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Borussia Mönchengladbach came from behind to beat Bayern 2-1 at the weekend, keeping them at the top of the league. They never seem to play well but always win anyhow. I wonder if they can keep it up? Bayern are down in seventh in a very close table. Hansi Flick has taken over there as interim manager, but the latest defeat has reignited discussions as to whether a permanent replacement should be installed during the winter break. Meanwhile, marketing gimmick RB Leipzig beat Hoffenheim in front of a half-full stadium and remain second. Hopefully they won't get anywhere near the title, but they're looking like serious contenders right now. Union Berlin are everyone's favourite underdogs and have established themselves in mid-table, but the two other promoted clubs, Cologne and Paderborn, are in the bottom two and adrift.

My own team, Waldhof Mannheim, sit in sixth in the third division and would be in the running for a promotion place if only they could win a home game. Yesterday they hosted supposed promotion candidates Eintracht Braunschweig, played them to death and somehow managed not to beat them. As their best striker, Valimir Sulemanji, is injured, a bloke called Kevin Koffi plays up front, a journeyman who has been a bit of a goal machine in his career to date. Koffi is well liked. He lacks Sulemaji's quality but constantly creates problems for the opposition. The problem is that he's played almost every match (the season started in July), it's now December and he's scored 0 goals in the league. He's really, really desperate to score. The fans are really, really desperate for him to score. When he gets the ball in the area, such a buzz goes around you'd think Messi was in possession. Could this be the day that Koffi scores?

Yesterday, he SCORED. He chested the ball past the keeper and put it in the net. Pandemonium. Strangers were hugging. Bits of paper were being thrown through the air. The entire coaching team was on the pitch. The heavens opened and angels appeared offering gifts of gold, frankincense and the other stuff (I might have just imagined the last one). Then the whistle. Handball. Disbelief. Later analysis on TV confirmed that it was handball, but that wasn't the point. Koffi simply cannot score. Like Tom Crawford getting a game for Notts, it's against the laws of nature. I'll keep you posted.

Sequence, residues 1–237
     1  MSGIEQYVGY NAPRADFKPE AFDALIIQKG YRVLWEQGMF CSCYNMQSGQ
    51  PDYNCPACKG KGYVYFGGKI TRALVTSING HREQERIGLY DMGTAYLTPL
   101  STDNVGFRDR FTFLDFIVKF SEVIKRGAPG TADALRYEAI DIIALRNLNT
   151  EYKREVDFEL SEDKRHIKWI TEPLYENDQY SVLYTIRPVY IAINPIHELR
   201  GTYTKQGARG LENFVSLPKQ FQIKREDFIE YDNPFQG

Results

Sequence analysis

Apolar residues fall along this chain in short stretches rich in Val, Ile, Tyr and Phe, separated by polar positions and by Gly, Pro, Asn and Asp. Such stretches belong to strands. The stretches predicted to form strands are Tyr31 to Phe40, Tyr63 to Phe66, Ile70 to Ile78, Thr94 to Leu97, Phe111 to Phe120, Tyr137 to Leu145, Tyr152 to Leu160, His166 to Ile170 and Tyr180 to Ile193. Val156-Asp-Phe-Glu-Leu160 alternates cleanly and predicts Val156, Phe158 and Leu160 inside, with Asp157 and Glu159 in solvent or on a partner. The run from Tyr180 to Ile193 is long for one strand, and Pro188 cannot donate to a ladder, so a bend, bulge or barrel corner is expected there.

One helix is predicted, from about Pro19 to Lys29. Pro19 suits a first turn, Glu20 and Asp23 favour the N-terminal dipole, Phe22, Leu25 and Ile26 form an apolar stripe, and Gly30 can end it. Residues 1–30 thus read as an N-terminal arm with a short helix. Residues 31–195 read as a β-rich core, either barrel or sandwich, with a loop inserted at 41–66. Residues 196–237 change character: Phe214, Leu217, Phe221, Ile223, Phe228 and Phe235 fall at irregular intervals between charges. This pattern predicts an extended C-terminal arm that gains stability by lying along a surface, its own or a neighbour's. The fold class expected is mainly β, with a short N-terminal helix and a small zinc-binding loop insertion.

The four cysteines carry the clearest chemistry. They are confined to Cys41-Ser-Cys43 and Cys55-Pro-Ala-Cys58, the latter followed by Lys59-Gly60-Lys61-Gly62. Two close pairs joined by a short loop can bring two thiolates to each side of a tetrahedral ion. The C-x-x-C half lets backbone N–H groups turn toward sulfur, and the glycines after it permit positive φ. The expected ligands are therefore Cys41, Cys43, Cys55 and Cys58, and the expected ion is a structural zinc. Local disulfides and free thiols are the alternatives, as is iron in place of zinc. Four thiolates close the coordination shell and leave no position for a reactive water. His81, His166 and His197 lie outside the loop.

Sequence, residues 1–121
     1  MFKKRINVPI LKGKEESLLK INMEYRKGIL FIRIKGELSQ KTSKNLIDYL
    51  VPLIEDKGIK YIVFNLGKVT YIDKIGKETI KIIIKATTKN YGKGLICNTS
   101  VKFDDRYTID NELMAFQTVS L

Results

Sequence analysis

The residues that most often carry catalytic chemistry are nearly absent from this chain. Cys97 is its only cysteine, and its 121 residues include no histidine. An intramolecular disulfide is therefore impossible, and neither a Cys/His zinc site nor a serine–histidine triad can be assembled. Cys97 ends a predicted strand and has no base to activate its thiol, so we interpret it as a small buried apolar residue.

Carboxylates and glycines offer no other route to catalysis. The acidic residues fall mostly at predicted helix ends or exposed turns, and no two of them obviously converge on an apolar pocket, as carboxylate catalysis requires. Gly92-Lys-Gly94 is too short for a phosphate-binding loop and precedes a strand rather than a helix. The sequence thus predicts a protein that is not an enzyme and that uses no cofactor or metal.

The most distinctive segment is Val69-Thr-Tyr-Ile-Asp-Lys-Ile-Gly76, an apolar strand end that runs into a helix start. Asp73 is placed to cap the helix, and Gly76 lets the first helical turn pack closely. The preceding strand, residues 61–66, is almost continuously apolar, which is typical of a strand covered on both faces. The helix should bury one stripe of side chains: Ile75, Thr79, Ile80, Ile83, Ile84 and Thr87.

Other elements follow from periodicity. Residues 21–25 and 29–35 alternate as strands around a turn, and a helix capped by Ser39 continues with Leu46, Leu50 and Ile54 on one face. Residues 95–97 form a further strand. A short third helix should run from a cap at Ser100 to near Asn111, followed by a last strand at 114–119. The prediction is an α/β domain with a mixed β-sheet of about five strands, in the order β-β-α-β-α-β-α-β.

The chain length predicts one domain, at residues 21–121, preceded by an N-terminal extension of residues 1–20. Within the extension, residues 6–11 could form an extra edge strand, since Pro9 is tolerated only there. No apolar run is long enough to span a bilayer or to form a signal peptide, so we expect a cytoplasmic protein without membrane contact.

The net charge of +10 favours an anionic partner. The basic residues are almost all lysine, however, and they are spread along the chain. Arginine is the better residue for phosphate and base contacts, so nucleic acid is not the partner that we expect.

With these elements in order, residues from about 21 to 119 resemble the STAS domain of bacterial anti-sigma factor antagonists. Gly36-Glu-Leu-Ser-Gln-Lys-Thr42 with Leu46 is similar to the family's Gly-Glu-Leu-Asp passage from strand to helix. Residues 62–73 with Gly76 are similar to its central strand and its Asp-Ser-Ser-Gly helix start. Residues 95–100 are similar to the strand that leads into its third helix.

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Yesterday was the last home game of the year for Waldhof yesterday against Chemnitz. Waldhof have been unbeaten away for a year and a half(!) but haven't won at home since August. Hence the decision to wear the white away shirts yesterday. The opponents were Chemnitz, who are in the relegation zone but have had an upturn in form of late. Some of you might remember that Chemnitz was the scene of far-right demonstrations recently, and the city (and, sadly, the club) have a pronounced neo-nazi scene. Inevitably, their best player was a black bloke called Bonga.

After missing another sitter a week ago, Kevin Koffi, who has been playing regularly since July, started from the bench. Everyone has really been hoping for him to finally score a goal, but I'd written him off after that. Reinforcements will surely be coming during the winter.

I've embedded the video (hope it works) but will give away one thing - yesterday, Koffi finally scored!!! And the late winning goal at that. You can't see much of it on the video, but that celebration was wilder than anything I experienced during the promotion campaign. It was completely loopy. Koffi removed his shirt to reveal a T-shirt emblazoned with "DANKE JESUS" and celebrated with the fans after the match. Not bad for a five-minute sub. On top of that, the win means that Waldhof spend the winter break in third place. Pure Hollywood.

@Piethagoram VfR Mannheim never exactly drew the crowds at the best of times (with the possible exception of their title win in front of 90,000). Many years ago they had to move grounds and moved the whole club lock, stock and barrel to an out-of-town site. Their support withered on the vine since then and today the club is mainly followed by pensioners. Now they're just another German club knocking about the amateur leagues with a glorious history. With crowds in the low hundreds they're never likely to make it back up either. The lesson is - if you want to get back into the big leagues, stand by your club! As long as the football world is never allowed to forget Notts County, we'll be back.